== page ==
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Paper: When Asymmetric Cosmic Bubbles Betray a Difficult Marriage: the Study of Binary Central Stars of Planetary Nebulae
Volume: 447, Evolution of Compact Binaries
Page: 159
Authors: Boffin, H. M. J.; Miszalski, B.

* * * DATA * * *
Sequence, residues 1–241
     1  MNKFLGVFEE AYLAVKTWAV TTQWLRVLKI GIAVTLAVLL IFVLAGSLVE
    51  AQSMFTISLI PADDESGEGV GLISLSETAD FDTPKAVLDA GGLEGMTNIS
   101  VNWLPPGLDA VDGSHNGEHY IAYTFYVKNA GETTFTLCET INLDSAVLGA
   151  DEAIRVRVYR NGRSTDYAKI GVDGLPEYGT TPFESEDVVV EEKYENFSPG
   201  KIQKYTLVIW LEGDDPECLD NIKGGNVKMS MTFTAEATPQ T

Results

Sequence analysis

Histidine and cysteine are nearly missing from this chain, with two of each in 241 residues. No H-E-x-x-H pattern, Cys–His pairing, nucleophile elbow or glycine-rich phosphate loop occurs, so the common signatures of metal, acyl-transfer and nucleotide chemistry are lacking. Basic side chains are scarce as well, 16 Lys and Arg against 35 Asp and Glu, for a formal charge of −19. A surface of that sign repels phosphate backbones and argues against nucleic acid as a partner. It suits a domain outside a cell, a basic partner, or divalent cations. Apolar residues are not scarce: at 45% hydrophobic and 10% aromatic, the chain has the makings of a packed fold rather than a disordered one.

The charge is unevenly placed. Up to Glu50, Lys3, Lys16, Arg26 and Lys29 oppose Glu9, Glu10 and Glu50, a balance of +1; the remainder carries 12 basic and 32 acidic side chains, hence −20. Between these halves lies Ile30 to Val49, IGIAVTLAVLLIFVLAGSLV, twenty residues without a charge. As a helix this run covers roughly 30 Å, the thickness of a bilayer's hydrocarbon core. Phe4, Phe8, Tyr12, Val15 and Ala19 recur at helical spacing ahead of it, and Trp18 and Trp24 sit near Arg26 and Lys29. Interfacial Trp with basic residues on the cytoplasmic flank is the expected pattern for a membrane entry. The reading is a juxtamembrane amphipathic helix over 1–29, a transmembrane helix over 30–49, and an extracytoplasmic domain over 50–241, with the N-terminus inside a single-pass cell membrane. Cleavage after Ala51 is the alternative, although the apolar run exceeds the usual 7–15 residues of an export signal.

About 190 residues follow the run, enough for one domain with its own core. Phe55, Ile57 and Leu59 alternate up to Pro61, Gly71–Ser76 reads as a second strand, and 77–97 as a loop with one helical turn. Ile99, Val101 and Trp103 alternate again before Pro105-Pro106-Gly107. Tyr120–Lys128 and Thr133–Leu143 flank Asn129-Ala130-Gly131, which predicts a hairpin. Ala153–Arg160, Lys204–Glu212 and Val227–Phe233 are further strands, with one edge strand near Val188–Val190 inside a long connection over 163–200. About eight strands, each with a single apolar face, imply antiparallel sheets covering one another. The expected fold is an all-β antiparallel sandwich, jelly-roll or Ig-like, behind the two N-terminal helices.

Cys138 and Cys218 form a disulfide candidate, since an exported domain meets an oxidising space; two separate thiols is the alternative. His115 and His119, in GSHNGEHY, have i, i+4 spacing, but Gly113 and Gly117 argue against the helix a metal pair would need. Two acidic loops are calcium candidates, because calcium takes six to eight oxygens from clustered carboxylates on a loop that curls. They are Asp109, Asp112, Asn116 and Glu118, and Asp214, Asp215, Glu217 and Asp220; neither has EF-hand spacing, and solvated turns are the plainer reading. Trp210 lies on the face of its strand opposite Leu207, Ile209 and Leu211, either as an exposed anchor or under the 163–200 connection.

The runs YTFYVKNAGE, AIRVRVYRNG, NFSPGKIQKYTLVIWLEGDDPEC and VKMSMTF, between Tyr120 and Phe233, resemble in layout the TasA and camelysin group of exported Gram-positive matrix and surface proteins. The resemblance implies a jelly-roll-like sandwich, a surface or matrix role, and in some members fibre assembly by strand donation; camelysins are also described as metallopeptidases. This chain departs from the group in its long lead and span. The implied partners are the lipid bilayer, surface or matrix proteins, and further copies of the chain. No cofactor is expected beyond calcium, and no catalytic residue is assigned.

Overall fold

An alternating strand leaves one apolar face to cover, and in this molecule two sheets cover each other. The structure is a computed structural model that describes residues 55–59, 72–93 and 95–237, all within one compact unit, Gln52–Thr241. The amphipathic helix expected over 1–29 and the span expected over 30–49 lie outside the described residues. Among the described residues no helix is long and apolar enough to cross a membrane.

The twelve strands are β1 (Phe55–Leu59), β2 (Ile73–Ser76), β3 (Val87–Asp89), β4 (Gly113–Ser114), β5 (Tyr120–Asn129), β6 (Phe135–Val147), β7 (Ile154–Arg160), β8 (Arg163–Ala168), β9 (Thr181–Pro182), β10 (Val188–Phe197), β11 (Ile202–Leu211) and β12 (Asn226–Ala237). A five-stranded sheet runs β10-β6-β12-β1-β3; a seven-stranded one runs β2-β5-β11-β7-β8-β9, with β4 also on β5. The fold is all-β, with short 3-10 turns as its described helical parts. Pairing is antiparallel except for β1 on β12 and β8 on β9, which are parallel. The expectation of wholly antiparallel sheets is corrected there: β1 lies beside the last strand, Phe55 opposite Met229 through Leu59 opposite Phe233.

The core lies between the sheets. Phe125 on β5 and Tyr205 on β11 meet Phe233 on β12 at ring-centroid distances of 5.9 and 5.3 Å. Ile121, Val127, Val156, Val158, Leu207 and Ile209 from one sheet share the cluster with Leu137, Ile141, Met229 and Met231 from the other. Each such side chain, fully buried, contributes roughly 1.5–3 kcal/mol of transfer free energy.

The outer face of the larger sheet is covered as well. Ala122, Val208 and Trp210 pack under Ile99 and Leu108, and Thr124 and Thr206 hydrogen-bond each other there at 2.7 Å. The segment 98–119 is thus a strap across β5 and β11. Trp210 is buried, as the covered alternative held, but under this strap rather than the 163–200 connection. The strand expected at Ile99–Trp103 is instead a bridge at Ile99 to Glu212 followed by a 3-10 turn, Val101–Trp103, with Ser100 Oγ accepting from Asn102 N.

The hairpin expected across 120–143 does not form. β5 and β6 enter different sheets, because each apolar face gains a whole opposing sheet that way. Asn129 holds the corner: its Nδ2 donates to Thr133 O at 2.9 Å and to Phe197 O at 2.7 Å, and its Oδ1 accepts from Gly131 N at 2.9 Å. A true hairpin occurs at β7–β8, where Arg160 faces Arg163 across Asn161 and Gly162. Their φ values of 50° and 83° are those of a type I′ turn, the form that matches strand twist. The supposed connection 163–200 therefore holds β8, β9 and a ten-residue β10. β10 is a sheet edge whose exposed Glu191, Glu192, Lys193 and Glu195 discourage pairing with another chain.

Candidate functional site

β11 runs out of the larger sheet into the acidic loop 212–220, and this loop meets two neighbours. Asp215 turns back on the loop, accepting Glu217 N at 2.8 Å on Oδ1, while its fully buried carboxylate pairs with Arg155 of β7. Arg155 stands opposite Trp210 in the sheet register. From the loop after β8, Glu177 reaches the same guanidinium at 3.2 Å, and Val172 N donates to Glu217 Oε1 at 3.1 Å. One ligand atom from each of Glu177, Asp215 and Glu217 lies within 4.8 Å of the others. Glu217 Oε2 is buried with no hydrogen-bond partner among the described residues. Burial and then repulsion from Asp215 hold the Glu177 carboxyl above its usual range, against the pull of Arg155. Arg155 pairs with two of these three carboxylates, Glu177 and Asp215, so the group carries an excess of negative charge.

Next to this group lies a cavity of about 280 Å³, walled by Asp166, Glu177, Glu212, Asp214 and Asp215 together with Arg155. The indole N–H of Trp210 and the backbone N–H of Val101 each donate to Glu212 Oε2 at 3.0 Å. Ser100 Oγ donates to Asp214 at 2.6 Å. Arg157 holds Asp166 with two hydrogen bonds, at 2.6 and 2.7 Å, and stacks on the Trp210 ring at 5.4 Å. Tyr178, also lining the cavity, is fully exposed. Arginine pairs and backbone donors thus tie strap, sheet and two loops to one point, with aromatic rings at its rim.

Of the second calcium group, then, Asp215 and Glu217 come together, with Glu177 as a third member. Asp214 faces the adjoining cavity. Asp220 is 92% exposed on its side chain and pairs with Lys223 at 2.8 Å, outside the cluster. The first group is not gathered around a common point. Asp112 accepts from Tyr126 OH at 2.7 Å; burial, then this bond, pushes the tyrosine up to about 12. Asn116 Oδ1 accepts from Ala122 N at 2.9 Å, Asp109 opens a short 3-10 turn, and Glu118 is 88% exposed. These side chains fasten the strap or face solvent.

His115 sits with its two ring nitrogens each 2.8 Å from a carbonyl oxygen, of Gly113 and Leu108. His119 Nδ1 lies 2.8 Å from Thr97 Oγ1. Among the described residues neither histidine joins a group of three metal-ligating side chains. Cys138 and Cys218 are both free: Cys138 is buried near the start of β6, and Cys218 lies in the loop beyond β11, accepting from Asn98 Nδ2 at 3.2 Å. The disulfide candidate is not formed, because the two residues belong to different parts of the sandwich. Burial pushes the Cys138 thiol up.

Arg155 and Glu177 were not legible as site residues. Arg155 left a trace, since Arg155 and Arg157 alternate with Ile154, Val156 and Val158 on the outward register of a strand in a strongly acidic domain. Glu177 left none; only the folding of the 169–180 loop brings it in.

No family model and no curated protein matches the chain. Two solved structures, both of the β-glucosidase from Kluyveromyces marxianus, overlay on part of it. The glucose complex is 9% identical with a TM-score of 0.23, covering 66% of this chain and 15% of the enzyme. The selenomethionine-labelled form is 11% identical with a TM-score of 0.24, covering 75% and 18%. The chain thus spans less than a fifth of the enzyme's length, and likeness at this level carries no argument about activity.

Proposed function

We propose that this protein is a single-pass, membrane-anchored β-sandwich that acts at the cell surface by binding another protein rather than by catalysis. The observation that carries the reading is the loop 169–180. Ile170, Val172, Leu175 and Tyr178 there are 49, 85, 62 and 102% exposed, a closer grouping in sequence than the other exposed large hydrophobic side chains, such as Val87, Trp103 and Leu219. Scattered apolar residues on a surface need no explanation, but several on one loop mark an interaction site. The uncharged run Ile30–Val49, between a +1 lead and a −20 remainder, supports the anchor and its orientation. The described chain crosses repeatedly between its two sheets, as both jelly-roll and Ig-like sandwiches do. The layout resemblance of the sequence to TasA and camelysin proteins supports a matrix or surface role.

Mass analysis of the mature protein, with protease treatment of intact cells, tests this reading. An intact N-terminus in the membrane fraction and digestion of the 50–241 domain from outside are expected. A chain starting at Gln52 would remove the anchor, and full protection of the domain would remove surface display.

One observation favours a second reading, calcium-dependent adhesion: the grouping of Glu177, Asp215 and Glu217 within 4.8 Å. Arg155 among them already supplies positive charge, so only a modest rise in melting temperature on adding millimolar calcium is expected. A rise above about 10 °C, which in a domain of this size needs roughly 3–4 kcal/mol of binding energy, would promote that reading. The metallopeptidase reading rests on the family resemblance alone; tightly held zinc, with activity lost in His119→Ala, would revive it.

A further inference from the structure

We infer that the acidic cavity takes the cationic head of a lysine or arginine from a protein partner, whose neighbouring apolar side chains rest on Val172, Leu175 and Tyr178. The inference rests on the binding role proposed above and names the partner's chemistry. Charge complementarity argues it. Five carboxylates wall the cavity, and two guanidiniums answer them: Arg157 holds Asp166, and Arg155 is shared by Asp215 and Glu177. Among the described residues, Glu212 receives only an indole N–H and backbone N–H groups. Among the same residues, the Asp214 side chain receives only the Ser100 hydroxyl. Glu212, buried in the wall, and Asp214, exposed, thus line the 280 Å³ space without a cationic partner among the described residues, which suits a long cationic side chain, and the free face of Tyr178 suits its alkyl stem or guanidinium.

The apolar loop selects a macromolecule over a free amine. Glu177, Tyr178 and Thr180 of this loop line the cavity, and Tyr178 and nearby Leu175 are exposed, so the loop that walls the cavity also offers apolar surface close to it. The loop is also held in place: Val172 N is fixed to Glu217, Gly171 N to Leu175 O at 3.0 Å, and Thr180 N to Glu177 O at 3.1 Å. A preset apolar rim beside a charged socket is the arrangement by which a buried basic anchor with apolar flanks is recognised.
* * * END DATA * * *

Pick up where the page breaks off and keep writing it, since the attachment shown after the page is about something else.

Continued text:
Abstract: Planetary Nebulae represent a powerful window into the evolution of low-intermediate mass stars that have undergone extensive mass-loss. The nebula manifests itself in an extremely wide variety of shapes, but exactly how the mass lost is shaped into such a diverse range of morphologies is still highly uncertain despite over thirty years of vigorous debate. Binaries have long been thought to offer a solution to this vexing problem. Now, thanks to recent surveys and improved observing strategies, it appears clearly that a binary channel, in particular common-envelope (CE) evolution, is responsible for a large fraction of planetary nebulae. Moreover, as planetary nebulae are just “fresh out of the oven” compared to other post-CE systems, they provide invaluable contributions to the study of common-envelope evolution and to the formation of jets in binary systems. Our studies have also started to identify strong links between binarity and morphology, including a high proportion of bipolar nebulae and rings of low ionisation filaments resembling SN 1987A. Equally important are the newly found binary CSPN with intermediate periods, which appear linked to chemically peculiar stars whose composition was modified by binary evolution. Their study may also reveal much information on mass and angular momentum transfer processes in binary stars. Here we show examples of four PNe for which we have discovered their binary nature, including the discovery of a rare case of a barium-rich cool central star.
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